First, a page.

Good Technology has been accused by resellers of not playing its deal registration programme with a straight bat and being miserly with leads.
The mobile device management (MDM) vendor has a legacy of direct sales but last year launched a channel push to help it cope with the growth it is enjoying on the back of the bring-your-own device boom.
However, multiple top-level partners have chided the vendor for swooping in on registered deals, with one branding the process a "lottery".
Speaking on the condition of anonymity, one said: "You have to register the deal to get full margin, but in doing so you bring the deal to the attention of [its] direct sales team and run the very real and all too often proven risk of them introducing a different partner, or trying to close a deal directly."
The vendor declined to comment when questioned on the issues by ChannelWeb, dismissing the accusations as "unfounded".
The anonymous source added that as well as deal registration issues, Good's partner programme is let down by poor marketing support, claiming that in one year, the vendor has supplied "almost no leads or deals" and branding the partnership "one-way traffic".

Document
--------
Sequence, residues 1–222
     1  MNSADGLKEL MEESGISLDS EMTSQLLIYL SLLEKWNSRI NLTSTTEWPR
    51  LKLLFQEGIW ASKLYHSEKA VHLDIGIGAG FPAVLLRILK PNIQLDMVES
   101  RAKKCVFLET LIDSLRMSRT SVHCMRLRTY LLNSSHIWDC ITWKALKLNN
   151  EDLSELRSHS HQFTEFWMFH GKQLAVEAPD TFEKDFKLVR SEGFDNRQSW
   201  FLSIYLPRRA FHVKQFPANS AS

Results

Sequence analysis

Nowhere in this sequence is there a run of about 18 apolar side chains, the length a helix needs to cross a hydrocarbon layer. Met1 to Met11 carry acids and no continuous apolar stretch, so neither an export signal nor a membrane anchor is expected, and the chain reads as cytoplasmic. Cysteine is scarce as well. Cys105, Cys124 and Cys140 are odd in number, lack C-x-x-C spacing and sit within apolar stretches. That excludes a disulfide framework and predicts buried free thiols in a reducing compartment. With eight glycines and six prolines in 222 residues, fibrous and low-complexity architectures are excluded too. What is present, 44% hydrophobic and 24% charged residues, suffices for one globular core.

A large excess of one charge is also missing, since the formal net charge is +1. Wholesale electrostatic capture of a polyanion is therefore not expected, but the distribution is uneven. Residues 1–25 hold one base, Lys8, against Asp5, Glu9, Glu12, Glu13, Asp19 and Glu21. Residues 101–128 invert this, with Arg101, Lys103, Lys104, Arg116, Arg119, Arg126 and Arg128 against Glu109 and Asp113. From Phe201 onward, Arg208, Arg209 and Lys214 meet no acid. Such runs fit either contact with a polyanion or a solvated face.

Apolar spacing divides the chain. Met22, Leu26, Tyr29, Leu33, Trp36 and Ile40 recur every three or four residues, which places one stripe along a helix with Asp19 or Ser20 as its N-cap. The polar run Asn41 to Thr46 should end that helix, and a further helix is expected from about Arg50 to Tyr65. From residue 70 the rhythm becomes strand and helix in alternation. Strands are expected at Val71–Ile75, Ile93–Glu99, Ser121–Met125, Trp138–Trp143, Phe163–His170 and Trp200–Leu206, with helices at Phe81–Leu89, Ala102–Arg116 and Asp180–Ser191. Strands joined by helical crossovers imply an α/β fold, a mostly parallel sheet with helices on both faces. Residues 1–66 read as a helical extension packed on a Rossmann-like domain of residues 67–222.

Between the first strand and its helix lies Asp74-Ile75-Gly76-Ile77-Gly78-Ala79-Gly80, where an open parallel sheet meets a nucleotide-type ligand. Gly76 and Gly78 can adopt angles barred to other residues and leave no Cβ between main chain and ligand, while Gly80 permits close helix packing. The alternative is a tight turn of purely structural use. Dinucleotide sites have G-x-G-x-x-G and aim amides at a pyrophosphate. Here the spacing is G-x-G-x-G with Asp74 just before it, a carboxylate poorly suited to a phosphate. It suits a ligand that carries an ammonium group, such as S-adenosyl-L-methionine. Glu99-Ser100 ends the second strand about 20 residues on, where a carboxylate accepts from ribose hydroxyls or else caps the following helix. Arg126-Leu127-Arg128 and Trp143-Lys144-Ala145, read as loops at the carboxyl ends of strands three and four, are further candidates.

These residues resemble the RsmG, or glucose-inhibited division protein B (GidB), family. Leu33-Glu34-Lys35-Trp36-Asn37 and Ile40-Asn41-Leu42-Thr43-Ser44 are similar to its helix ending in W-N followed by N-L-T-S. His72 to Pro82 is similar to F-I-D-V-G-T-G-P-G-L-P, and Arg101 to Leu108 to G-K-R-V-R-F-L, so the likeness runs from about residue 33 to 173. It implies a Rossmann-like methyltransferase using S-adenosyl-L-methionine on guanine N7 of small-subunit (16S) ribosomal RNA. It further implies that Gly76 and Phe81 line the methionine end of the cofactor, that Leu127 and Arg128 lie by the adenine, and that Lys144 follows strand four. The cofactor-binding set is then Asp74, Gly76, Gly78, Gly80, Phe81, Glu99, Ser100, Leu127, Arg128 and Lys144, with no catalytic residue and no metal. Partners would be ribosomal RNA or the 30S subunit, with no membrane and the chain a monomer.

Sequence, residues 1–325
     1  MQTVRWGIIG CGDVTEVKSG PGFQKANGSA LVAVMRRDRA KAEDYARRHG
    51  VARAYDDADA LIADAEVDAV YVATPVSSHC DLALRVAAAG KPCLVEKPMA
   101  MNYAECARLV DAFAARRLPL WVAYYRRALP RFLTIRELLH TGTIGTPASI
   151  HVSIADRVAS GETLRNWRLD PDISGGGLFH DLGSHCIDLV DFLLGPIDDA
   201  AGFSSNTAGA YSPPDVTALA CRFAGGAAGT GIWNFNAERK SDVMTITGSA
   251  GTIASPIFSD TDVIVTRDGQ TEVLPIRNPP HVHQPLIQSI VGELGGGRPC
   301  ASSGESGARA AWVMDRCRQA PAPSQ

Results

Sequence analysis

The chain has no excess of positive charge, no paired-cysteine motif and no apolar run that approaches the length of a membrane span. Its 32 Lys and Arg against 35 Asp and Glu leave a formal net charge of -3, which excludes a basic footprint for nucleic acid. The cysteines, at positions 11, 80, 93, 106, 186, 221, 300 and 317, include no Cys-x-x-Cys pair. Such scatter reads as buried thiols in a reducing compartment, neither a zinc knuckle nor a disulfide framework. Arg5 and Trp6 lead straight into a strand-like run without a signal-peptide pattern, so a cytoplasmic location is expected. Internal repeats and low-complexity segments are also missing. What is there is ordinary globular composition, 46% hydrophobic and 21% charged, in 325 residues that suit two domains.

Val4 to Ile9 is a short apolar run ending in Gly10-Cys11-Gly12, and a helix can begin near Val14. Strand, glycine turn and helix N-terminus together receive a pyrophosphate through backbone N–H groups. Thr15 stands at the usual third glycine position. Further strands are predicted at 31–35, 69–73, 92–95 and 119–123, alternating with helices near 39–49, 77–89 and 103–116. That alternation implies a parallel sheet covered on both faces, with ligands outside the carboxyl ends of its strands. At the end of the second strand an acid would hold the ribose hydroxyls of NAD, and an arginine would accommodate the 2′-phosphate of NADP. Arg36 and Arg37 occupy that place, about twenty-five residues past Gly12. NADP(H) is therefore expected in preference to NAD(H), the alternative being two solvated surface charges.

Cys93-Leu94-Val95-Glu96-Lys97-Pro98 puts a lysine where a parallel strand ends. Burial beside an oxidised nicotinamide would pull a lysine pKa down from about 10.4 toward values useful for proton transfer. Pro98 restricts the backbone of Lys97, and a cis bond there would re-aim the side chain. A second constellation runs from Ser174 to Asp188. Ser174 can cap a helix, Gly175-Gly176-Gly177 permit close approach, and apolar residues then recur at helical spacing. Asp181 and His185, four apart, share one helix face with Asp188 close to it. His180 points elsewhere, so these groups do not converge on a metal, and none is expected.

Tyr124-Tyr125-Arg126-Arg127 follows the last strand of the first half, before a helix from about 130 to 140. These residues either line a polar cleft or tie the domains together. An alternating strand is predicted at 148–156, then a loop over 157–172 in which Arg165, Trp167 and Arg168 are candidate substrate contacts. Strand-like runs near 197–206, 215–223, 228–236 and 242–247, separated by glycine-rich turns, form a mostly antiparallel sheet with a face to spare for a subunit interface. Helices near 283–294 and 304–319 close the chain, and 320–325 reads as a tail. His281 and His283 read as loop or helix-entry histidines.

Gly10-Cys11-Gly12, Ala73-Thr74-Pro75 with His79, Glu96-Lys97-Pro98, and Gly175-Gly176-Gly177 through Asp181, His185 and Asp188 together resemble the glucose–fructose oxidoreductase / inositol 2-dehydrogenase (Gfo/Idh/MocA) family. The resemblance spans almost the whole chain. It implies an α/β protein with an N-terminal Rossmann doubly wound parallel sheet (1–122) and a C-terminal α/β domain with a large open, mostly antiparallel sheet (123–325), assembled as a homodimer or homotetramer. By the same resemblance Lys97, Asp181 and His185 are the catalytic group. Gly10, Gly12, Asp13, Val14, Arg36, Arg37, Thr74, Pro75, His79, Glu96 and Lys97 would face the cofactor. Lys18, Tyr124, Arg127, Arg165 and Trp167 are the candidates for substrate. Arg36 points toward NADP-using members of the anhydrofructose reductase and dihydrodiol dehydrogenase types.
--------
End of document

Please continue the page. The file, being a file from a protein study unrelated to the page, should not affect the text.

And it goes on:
Good is widely regarded to have been an MDM trailblazer and is one of only five vendors positioned as a leader in Gartner's magic quadrant for the technology.
Despite admitting that Good's offering is unique, the source warned that its aggressive sales tactics will mean that as soon as another vendor offers a similar technology, most resellers will be "happy to jump ship".
The source added: "Sales performance is great for Good in the UK, and its leadership team is being applauded for that. However, if these leaders were being measured on customer, partner and employee satisfaction, they would probably not be quite so full of themselves. And as we all know, long-term success is based on satisfaction."
Dave Ellis, director of new technology and services at distributor Computerlinks, which recently inked a partnership with rival MDM vendor Mobile Active Defence (MAD), also questioned Good's channel credentials.
He said: "A few of our partners have said that they have had their fingers burned in the past by Good. We chose to work with MAD who have a strong security solution for mobile devices and a channel-centric model."
Not all Good's top partners felt the same, however.
Matthew Helling, network and security manager at Softcat, said that although Good's sales team is "more aggressive than other vendors", he understands that this is due to its rapid growth, and he "cannot fault" the partner programme.
Andy Goddard, practice leader for workplace and software at Computacenter, said that although Good appears to be "building an account team to build higher strategic engagement with customers directly", Computacenter has still been involved in closing deals through Good and has experienced good co-operation with the vendor.
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